Buccaneer: The Pursuit of Infamy PC
Pirates have been making somewhat of a comeback in recent years. This is largely thanks to the Pirates of the Caribbean films, but Sid Meier has been getting in on the act, and even the Somalians are getting stuck in now. It’s no surprise then to a see a pirate-themed game sailing onto our PCs in the shape of Buccaneer – The Pursuit of Infamy.
The main quest sees you captaining a ship within the Golden Buccaneers, a pirate faction with ambitions of gold, grog and infamy on the high seas. It’s a run of the mill plot, but nothing deeper is needed as it sets up a reason for plundering and pillaging, and that’s all that’s needed. There’s no venturing outside of your ship in Buccaneer – it’s purely a sea-faring adventure, taking place exclusively in the balmy waters and surrounding seas of Cutlass Bay.
The single player campaign consists of an impressively sized list of missions, which can be attempted in any order, regardless of their perceived difficulty. Starting off with a slightly shoddy ship, low funds and a crew with some self-esteem issues, at first it’s all about building up your morale and getting some gold. Crew morale is boosted by succeeding in missions, giving them some grog or sharing any goods that have been snagged from a mission. Let the crew’s morale fall though, and it’s the end of your days as captain.
A typical mission involves finding a rival ship, destroying it, and then sailing home. It’s not a game that gives you complicated and deep quests or missions – they’re very much designed to be short, simple and accessible. While this is good for introducing you to the game and providing an arcade style pick up and play game, it does mean missions suffer from a lack of variety, and as mentioned earlier, there are a good number of them. Repetition is certainly an issue.
And the missions are where the game falls down slightly. Controlling the ship is as simple as using WASD for navigation and the left and right mouse buttons for the port and starboard cannons. Spacebar lowers the anchor, and that’s all there is to it. It’s great that it’s so simple, but the bulk of what makes up a mission – fighting other ships and vying for position to shoot and not be shot at – is hindered by the control scheme. Manoeuvring the ship in close proximity to another can be a nightmare in terms of the huge turning circles involved, imprecise positioning and the fact you’re both constantly moving. Obviously this is an accurate reflection of the problems an actual ship would face, but in gaming terms, it doesn’t make for an enjoyable time.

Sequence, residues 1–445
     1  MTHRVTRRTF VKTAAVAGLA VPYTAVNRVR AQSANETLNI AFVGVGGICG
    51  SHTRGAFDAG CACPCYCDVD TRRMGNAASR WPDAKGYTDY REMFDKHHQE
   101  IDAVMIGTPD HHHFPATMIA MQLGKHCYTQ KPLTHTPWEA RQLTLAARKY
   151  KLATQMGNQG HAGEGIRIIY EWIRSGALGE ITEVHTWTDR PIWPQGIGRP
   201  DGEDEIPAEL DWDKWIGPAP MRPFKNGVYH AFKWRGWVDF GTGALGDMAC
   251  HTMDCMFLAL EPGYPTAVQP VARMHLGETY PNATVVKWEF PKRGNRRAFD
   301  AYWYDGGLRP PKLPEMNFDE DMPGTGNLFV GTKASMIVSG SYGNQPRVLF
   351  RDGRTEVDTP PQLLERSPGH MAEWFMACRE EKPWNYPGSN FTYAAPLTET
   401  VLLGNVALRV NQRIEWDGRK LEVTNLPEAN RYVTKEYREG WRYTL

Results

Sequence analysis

Aiming – or rather the lack of it – is frustrating too. The cannons seem to fire in any direction they feel, with seemingly no consistency in terms of trajectory, angle or accuracy. Of course, ships moving and firing will always alter the direction of a cannonball, but when your valuable ammunition is wasted on so many fire-and-hope-for-the-best shots with no clear way of improving the hit ratio, annoyance levels soon increase. Battles can all too easily descend into two ships circling each other endlessly, constantly clicking the appropriate mouse button to fire and hope that a cannonball connects.
A solution is available in the shape of anchoring your ship and firing in a straight line from either port or starboard, but this leaves you as a sitting duck and only allows for a very small window of opportunity regarding hitting the other ship.
That being said though, you do get accustomed to these issues, and the allure of buying upgrades, along with bigger and better ships, is a compelling reason to keep playing. Multiplayer games provide a nice distraction from the main campaign with capture the flag style matches, although the same control issues dog this as well. If you had issues with the single player game, don’t expect your mind to be changed in multiplayer. The extremely pretty water effects and detailed ships provide some good eye candy, and while the soundtrack is slightly non-existent, the odd tune that fades in and out is pleasant enough, and sound effects are passable.
Buccaneer is very much a ‘love it’ or ‘hate it’ game. At best it’s an entertaining and strangely compelling shooter with simple but fun gameplay. At worst it’s repetitive and fiddly with no real draw. Downloading the demo before forking out the £13.99 for it is certainly advised, but this is an admirable effort from indie developer Stickman Studios. Try before you buy, Captain.